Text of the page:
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The accomplisht cook or, The art & mystery of cookery

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To the Right Honourable my Lord Montague, My Lord Lumley, and my Lord Dormer; and to the Right worshipful Sir Kenelme Digby, so well known to this Nation for their Admired Hospitalities. Right Honourable, and Right Worshipful,

HE is an Alien, a meer Stranger in England, that hath not been acquainted with your generous House-keepings; for my own part my more particular tyes of service to you my Honoured Lords, have built me up to the height of this Experience, for which this Book now at last dares appear to the World; those times which I tended upon your Honours were those Golden Days of Peace and Hospitality when you enjoyed your own, so as to entertain and releive others.

Right Honourable, and Right Worshipful, I have not only been an eye-witness, but interested by my attendance; so as that I may justly acknowledge those Triumphs and magnificent Trophies of Cookery that have adorned your Tables; nor can I but confess to the world, except I should be Guilty of the highest Ingratitude, that the only structure of this my Art and knowledge, I owed to your costs, generous and inimitable Epences; thus not only I have derived my experience, but your Country hath reapt the Plenty of your Humanity and charitable Bounties.

Right Honourable, and Right Worshipful, Hospitality which was once a Relique of the Gentry, and a known Cognizance to all ancient Houses, hath lost her Title through the unhappy and Cruel Disturbances of these Times, she is now reposing of her lately so alarmed Head on your beds of Honour: In the mean space that our English World may know the Mecæna’s and Patrons of this Generous Art, I have exposed this Volume to the Publick, under the Tuition of your Names; at whose Feet I prostrate these Endeavours, and shall for ever remain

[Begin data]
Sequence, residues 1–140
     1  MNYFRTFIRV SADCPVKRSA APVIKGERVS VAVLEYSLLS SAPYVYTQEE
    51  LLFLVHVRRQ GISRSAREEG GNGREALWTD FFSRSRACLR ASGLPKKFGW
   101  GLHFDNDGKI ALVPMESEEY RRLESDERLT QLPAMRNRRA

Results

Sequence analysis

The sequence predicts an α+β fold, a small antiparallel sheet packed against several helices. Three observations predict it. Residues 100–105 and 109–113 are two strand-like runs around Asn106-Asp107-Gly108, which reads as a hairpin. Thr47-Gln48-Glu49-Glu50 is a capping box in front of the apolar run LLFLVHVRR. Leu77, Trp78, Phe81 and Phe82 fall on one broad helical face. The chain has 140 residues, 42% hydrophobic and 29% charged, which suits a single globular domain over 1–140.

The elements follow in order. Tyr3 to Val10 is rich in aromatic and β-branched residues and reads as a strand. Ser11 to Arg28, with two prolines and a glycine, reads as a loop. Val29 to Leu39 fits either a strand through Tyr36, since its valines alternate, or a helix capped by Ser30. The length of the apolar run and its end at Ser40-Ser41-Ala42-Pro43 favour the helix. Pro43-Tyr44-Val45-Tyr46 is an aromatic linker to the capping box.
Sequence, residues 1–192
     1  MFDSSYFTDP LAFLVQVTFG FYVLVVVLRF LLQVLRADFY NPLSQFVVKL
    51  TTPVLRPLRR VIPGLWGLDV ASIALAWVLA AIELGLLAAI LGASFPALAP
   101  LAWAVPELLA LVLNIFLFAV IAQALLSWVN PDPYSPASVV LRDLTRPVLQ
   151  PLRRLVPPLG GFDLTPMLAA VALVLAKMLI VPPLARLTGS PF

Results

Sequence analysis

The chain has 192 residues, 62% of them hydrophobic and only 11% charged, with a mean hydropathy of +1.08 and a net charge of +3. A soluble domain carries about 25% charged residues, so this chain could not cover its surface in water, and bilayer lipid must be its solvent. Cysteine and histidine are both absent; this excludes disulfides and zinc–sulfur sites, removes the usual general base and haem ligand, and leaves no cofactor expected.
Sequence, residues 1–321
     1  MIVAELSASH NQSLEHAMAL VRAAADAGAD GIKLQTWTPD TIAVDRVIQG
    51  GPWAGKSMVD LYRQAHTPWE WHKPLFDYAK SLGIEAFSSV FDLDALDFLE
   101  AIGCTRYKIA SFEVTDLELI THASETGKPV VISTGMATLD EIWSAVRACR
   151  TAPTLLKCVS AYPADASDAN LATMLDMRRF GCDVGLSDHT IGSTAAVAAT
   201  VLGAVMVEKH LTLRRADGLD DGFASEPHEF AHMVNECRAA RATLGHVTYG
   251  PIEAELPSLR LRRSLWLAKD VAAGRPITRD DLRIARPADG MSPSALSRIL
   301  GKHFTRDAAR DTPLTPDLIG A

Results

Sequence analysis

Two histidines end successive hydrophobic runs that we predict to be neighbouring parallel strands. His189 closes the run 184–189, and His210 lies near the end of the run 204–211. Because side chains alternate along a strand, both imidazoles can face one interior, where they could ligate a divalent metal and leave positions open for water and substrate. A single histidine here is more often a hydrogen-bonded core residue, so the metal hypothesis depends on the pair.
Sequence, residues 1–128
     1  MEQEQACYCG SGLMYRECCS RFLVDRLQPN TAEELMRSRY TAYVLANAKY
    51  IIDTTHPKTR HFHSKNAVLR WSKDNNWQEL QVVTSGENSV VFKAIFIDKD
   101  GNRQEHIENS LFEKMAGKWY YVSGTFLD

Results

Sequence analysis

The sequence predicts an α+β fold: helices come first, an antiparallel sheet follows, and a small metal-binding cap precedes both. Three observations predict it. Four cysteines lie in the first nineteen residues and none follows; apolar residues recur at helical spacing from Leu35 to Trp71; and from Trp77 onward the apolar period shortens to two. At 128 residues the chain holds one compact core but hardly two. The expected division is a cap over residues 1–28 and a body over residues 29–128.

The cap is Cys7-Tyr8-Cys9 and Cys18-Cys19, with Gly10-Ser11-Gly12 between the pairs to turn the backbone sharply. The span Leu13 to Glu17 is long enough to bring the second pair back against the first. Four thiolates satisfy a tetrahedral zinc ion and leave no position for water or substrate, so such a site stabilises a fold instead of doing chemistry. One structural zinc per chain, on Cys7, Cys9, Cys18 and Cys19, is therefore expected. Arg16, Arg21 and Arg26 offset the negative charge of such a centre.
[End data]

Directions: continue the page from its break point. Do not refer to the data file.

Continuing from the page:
Your most humbledevoted Servant.ROBERT MAY.

 From Soleby inLeicestershire,September 29. 1684.

To the Master Cooks, and to such young Practitioners of the Art of Cookery, to whom this Book may be useful.

TO you first, most worthy Artists, I acknowledg one of the chief Motives that made me to adventure this Volume to your Censures, hath been to testifie my gratitude to your experienced Society; nor could I omit to direct it to you, as it hath been my ambition, that you should be sensible of my Proficiency of Endeavours in this Art. To all honest well intending Men of our Profession, or others, this Book cannot but be acceptable, as it plainly and profitably discovers the Mystery of the whole Art; for which, though I may be envied by some that only value their private Interests above Posterity, and the publick good, yet God and my own Conscience would not permit me to bury these my Experiences with my Silver Hairs in the Grave: and that more especially, as the advantages of my Education hath raised me above the Ambitions of others, in the converse I have had with other Nations, who in this Art fall short of what I have known experimented by you my worthy Country men. Howsoever, the French by their Insinuations, not without enough of Ignorance, have bewitcht some of the Gallants of our Nation with Epigram Dishes, smoakt rather than drest, so strangely to captivate the Gusto, their Mushroom’d Experiences for Sauce rather than Diet, for the generality howsoever called A-la-mode, not worthy of being taken notice on....